Some 1st Brigade soldiers toss out the Army playbook and write their own.
From the perspective of a soldier faced with clearing an Iraqi house, “the minute you walk in, you’re automatically facing a security nightmare,” Norris said.
The reason for that nightmare is architecture: “The houses out here are not set up the way we expected, which was separate rooms with hallways to connect them,” Hale said.
The mock-ups the Army uses at urban terrain training sites mimic an American or European house, “which, when you enter the front door, you’ll have either a staircase or a hall,” said 1st Lt. Greg Lee from Gaithersburg, Md.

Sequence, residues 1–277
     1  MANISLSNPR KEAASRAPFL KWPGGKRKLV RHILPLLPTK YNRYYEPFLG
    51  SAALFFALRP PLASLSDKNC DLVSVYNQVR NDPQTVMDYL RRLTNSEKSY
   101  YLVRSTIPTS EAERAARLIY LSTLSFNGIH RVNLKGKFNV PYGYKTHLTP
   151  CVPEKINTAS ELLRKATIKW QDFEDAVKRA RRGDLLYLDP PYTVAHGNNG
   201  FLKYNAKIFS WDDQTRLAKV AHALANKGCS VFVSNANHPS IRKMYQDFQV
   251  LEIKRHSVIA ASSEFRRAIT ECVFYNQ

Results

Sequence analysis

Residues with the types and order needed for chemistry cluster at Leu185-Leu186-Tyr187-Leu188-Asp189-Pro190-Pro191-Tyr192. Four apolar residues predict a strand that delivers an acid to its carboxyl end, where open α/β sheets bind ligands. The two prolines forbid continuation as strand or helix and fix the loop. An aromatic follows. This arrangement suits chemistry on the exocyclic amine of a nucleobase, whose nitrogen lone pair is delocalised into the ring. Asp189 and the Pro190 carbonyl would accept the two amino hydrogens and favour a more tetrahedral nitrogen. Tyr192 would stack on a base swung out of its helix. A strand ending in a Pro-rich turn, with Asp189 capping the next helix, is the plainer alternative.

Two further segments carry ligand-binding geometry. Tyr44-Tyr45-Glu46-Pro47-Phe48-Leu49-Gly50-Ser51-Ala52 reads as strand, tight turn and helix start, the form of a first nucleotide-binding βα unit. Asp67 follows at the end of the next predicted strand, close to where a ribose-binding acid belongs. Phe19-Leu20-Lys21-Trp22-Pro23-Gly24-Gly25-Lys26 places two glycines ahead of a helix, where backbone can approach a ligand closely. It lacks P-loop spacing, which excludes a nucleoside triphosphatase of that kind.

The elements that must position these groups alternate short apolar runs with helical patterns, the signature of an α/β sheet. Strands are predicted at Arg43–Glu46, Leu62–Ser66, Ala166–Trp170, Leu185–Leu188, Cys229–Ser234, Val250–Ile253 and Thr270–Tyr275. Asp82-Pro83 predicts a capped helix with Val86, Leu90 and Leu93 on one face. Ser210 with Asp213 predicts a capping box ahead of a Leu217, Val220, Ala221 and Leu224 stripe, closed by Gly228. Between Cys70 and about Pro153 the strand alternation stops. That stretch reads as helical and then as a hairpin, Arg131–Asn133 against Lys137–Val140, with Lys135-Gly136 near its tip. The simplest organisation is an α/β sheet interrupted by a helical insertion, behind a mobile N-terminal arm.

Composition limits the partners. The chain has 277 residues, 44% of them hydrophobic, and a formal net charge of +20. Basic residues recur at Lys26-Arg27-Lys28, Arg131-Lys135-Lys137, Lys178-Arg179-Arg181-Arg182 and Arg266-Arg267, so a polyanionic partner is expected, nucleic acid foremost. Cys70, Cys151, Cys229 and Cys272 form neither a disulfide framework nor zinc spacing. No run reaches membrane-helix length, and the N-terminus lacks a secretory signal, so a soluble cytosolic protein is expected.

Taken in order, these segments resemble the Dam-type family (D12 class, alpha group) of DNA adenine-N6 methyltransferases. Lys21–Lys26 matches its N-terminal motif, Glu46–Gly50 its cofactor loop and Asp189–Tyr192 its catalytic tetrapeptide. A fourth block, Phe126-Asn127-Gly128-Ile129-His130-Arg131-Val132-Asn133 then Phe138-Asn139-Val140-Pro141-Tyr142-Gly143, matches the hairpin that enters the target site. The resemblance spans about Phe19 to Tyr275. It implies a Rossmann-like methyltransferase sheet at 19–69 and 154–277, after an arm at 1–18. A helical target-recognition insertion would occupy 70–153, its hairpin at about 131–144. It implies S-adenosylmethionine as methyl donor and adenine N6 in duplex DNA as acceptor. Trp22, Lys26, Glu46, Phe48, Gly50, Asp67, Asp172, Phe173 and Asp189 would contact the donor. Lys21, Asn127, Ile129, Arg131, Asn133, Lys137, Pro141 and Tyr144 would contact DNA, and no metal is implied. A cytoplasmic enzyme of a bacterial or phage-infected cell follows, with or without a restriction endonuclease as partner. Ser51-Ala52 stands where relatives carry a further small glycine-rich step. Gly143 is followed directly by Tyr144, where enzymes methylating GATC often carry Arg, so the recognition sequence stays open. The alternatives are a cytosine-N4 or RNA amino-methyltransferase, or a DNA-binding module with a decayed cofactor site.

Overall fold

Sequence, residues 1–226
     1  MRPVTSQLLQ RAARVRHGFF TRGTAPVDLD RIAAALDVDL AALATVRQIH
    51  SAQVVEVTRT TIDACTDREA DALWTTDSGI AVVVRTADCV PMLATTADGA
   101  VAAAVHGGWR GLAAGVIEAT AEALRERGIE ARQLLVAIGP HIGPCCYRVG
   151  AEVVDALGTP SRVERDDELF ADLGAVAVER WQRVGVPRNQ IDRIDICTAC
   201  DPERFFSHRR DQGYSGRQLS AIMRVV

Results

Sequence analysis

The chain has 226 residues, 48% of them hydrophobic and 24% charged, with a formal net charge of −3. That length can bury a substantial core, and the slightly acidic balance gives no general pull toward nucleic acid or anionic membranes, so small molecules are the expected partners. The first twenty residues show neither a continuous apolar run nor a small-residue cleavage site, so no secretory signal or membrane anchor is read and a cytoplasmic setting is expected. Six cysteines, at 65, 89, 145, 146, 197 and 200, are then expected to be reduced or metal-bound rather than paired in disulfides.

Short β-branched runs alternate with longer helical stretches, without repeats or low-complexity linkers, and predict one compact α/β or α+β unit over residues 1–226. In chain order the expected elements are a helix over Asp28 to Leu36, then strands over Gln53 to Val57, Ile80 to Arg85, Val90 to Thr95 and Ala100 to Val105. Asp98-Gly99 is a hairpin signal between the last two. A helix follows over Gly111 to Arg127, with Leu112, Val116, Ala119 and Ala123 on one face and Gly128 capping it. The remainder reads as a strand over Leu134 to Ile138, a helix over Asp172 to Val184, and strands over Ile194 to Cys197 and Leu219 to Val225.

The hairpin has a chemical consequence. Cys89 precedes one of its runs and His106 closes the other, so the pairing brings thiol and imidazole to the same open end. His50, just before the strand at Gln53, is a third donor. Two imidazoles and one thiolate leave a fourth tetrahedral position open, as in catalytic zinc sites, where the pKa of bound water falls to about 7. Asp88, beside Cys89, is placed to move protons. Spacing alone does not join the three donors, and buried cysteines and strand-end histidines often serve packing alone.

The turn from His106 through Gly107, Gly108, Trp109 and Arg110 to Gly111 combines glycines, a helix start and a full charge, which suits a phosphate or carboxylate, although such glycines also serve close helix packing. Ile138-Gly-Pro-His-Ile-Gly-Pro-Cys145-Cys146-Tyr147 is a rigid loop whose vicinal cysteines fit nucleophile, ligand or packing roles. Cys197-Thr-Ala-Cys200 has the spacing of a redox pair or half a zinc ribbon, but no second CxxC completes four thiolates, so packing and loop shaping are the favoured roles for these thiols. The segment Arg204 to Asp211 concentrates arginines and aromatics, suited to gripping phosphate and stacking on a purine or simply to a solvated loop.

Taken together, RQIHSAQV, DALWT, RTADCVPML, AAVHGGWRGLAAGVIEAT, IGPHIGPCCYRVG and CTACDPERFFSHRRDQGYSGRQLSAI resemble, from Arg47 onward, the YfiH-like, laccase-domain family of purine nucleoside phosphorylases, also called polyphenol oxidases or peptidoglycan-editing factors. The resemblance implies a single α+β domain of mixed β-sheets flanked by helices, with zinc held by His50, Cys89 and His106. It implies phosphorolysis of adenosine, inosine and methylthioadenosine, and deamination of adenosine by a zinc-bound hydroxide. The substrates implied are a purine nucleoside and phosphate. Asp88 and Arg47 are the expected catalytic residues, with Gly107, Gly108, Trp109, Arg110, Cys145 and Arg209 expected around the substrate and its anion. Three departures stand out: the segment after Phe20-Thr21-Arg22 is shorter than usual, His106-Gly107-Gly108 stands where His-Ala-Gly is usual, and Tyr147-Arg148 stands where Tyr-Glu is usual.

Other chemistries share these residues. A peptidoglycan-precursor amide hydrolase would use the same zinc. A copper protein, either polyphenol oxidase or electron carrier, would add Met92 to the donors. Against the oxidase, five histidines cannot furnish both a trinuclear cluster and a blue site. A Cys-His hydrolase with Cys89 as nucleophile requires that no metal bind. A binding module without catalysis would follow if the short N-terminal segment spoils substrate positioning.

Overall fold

But in the Middle East, including Iraq, “you immediately enter into a main room, which may have as many as four doorways leading to other rooms,” said Lee, who was scheduled to take the scout platoon from Hale on Thursday.
Normal MOUT doctrine calls for the most senior soldier in a four-man room-clearing team to be the third man to enter the room.
The reason, Lee explained, is because “the first man in the room is the most likely to catch a bullet in the chest.”
If that person is the team leader, the soldier behind him might naturally hesitate — and almost surely die as well. But because the rooms here are such labyrinths, the scouts have decided they need an experienced leader in first, not third, Norris said.
“You are required here to exercise so much more judgment and restraint that we put a decision-maker in the room first,” Norris said.